I’m very intrigued by the view of “psychotherapy as care” as described by James Olthuis (1999) and the “hero’s journey” metaphor of Faiver et al. (2001).  Distinctly Jungian and meditative and contemplative in their thrust, I’ve come to appreciate more the mystical and metaphysical aspects of these approaches.  Faiver et al. speak of cultivating the sacred, breaching something of the mysterium tremendum; “Mystery is an integral part of all things sacred.  Clients will resist our efforts and their own growth.  They will often cling to the painful familiar, while fearing the ambiguous unfamiliar.  In sacred realms we are at the boundary of the ineffable and the mysterious.  We must have respect for the uncharted mysteries of our clients.”

Especially as I read Olthuis (1999, 147, 151), I begin to understand more fully some of what some referto as liminality and “dancing in these wild spaces” with the Divine other:

“Therapy is more caring-with than caring-for.  The challenge [is to] enable contact with others, soul to soul, spirit to spirit – in all its agony and ecstasy, fear and shame, anger and hope. It is in this process that psychotherapy as care truly comes into its own as spiritual.  For to practise psychotherapy as a dance in the wild spaces asks for a giving up of our will to control.  It asks that we leave our comfort zones…  It means suffering-with: entering with people into the dark night of the soul, letting pain be pain, looking evil in the face. Only then are we facing our true reality and our full spirituality.  We come face to face with our repressed pain, to be in our hurt, let it flow, seep, emanate, discharge – making contact with our inner vulnerability and letting that vulnerability show.  Paradoxically, it is the very contact-in-vulnerability which makes for healing as it releases new energy and fresh hope.”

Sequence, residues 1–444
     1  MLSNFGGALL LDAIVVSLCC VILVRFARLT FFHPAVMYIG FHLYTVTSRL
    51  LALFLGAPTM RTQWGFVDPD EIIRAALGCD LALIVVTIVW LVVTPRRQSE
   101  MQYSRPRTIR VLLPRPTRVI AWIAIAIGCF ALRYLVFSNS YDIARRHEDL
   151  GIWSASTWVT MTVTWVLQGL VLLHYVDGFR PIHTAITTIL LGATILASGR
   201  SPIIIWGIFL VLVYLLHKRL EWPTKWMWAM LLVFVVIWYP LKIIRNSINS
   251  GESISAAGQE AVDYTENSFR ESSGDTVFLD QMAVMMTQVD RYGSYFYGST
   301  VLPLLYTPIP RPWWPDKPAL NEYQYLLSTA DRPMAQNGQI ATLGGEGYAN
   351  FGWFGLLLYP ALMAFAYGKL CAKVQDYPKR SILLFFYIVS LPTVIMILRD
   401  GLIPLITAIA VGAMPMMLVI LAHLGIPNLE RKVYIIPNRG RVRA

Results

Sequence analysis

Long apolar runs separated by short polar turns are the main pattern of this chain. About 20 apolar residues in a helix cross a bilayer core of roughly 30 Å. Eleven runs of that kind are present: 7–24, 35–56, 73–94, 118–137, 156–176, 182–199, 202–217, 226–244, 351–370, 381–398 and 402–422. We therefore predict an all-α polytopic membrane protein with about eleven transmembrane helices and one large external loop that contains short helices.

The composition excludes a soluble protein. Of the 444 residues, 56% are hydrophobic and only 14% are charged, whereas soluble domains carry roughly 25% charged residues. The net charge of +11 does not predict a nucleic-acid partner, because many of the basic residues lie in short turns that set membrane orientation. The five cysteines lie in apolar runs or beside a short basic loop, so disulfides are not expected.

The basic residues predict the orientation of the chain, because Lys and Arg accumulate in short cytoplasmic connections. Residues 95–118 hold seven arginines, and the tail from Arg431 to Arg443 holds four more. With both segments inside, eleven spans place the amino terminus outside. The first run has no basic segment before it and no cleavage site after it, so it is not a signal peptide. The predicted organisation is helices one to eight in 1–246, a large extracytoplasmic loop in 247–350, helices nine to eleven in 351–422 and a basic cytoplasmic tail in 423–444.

On a hero’s journey through a non-directive counselling relationship, and believing that true wholeness is impossible without Christ, my goal would likely be to help the believer to live “in maximum awareness to a commitment to the truth or help the unbeliever to find peace in the journey within, enhancing the client’s ability to say ‘yes’ to life as it is.” My goals are not decisive conclusions or valid interpretations, but rather transformed connections, changed lives, the surge of mercy, a drawing nearer to each other, and to God.” (Faiver et al., 2001, 29) 

My role as counsellor, therefore, can only be one of a humble companion who has travelled the well-worn “pathway towards wholeness, to an ultimate Christ-likeness, although still embracing the “inner journey” and incorporating a process of individual spiritual formation.” (Hurding, 1995, 302)

Is it possible to overemphasize the importance of forgiveness and reconciliation in the therapeutic process — as Faiver et al. (2001, 122) remind us? “In some form or another, forgiving and releasing are the most widely noted spiritual intervention in the current literature.” Forgiveness is integral to letting go. We are bound to the people we cannot forgive.Holding even a small grudge takes up space in the soul and captures the energy needed for moving on. To bless the people who are our oppressors is the only way to heal the wounds they have inflicted and to break the chains that bind us to them,” writes Elizabeth O’Connor (1987, 27).  Forgiving must include forgiving ourselves as well.  It is a wilful process, engaged in from the perspectives of both giving and receiving. It is also a process often requiring a great deal of time.  Richard & Bergen (1997) make this excellent point that clients must come to forgiveness in their own time.  But it may be in God’s time, as only through a relationship with Christ, can people become “new creations” (Eph. 4:24), finding forgiveness, hope and growth in grace and truth (Col. 1:6).